Much of Kazakhstan’s wealth lies underneath the ground in the form of oil, gas and minerals. After gaining independence from the Soviet Union in 1991, the country’s state-run companies formed joint ventures with many of the world’s largest companies energy and mining group eager to do business in this new, promising market.
Among the early entrants into Kazakhstan was Japanese trading house Marubeni, which set up its Almaty representative office in 1993. One of the company’s earliest projects was the financing and construction of the Astana International Airport in 2002. The airport renovation was significant. Once seen as a backwater city during the Soviet era, Astana became a regional transport hub with an airport that clearly showed its ambition to grow into a world-class metropolis.
Today, Marubeni, in cooperation with KazMunaiGas, Sinopec, and KazStroy Service, is in the final stages of upgrading the Atyrau oil refinery located in western Kazakhstan. The 1.7 billion-dollar project will soon process Euro-5 grade petroleum products.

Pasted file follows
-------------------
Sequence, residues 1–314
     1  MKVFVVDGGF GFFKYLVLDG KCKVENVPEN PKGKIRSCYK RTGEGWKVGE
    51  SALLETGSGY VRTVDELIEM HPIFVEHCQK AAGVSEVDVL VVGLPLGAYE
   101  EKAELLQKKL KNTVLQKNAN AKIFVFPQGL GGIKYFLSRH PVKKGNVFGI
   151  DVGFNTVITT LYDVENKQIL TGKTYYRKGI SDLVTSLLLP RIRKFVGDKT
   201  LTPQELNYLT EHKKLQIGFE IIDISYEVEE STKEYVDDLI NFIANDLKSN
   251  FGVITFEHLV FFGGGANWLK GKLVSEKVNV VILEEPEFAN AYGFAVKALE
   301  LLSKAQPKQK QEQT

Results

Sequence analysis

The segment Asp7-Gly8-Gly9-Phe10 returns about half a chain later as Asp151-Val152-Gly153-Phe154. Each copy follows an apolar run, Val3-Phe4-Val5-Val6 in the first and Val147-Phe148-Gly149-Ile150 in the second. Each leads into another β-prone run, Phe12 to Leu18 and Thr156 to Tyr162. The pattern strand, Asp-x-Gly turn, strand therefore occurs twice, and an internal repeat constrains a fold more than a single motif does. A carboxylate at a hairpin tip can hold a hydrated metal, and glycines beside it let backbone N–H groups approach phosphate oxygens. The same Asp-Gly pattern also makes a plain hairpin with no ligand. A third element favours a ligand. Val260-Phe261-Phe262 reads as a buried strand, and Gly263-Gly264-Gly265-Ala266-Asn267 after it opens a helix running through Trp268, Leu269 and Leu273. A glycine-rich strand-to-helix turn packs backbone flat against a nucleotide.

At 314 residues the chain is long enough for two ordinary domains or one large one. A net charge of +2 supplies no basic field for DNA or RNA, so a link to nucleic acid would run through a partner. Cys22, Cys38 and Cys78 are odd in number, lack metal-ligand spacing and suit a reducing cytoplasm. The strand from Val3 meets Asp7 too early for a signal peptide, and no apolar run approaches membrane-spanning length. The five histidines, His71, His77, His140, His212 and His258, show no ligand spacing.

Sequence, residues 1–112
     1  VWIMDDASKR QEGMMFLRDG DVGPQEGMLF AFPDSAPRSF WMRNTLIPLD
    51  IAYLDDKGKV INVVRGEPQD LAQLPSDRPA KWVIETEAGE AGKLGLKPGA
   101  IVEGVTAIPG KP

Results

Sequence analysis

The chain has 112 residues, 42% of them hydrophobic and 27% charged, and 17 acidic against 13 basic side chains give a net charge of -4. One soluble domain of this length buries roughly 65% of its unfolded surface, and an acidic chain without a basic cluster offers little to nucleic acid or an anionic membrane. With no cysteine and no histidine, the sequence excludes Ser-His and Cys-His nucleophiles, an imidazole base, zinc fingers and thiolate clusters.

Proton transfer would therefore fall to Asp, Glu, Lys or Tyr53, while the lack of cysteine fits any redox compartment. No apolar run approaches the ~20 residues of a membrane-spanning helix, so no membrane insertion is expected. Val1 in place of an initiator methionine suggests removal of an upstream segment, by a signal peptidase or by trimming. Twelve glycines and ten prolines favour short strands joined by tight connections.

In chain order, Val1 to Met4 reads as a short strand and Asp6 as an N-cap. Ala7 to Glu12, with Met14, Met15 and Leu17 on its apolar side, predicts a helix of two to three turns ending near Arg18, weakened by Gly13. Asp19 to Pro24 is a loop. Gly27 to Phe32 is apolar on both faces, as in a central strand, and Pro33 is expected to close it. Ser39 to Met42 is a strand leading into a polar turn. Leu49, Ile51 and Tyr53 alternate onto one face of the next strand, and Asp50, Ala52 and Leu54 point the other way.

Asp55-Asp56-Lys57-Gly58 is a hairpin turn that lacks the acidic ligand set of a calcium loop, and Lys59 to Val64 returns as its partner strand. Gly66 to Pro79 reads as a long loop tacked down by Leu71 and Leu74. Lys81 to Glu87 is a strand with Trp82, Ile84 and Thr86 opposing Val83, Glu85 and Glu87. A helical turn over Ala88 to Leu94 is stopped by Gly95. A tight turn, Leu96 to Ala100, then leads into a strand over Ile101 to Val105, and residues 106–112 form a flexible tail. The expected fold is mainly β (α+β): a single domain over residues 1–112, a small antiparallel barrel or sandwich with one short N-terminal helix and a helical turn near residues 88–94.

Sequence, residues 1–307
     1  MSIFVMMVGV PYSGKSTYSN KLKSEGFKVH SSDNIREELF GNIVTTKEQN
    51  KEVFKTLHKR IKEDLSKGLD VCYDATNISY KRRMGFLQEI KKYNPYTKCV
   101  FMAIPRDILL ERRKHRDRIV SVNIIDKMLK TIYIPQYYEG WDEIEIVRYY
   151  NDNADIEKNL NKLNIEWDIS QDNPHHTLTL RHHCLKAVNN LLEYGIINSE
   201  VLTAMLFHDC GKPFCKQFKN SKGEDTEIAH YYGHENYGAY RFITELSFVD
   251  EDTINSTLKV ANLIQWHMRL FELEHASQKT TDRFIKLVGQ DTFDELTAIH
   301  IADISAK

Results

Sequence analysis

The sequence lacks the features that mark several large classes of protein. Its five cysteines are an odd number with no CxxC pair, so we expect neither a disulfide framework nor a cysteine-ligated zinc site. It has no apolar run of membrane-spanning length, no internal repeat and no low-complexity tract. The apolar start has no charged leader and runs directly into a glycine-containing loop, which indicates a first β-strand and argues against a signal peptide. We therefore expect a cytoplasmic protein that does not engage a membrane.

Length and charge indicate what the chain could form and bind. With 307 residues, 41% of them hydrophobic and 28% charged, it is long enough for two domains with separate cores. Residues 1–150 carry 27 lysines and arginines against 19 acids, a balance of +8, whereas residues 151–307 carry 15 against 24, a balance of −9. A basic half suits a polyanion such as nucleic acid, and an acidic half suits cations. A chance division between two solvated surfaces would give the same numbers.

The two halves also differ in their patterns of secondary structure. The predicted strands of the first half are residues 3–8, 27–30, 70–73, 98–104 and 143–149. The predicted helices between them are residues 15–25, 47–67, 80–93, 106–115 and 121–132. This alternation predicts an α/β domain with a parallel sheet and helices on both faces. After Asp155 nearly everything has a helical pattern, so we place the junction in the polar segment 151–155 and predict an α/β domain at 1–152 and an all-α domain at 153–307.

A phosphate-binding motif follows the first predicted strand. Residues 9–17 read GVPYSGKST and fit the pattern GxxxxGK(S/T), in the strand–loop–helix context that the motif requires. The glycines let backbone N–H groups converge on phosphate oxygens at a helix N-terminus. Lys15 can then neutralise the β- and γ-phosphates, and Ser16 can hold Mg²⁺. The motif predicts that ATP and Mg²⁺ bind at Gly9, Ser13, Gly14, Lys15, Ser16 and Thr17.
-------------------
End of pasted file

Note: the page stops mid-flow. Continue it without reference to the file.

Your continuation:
A hallmark of Japanese investment in any country is in the introduction of world-class technology and know-how. This is especially true in Kazakhstan’s uranium mining industry where Marubeni supplied advanced equipment, like custom-made drilling machines, to state-run KazAtomProm in 2008.
Thanks to Kazakhstan’s friendly business climate, Japanese investors, such as Marubeni, built very strong relationships with both the government and local businesses. In turn, the Japanese presence in the country’s energy and transportation sectors has benefited millions of Kazakhs through new jobs and an improved quality of life.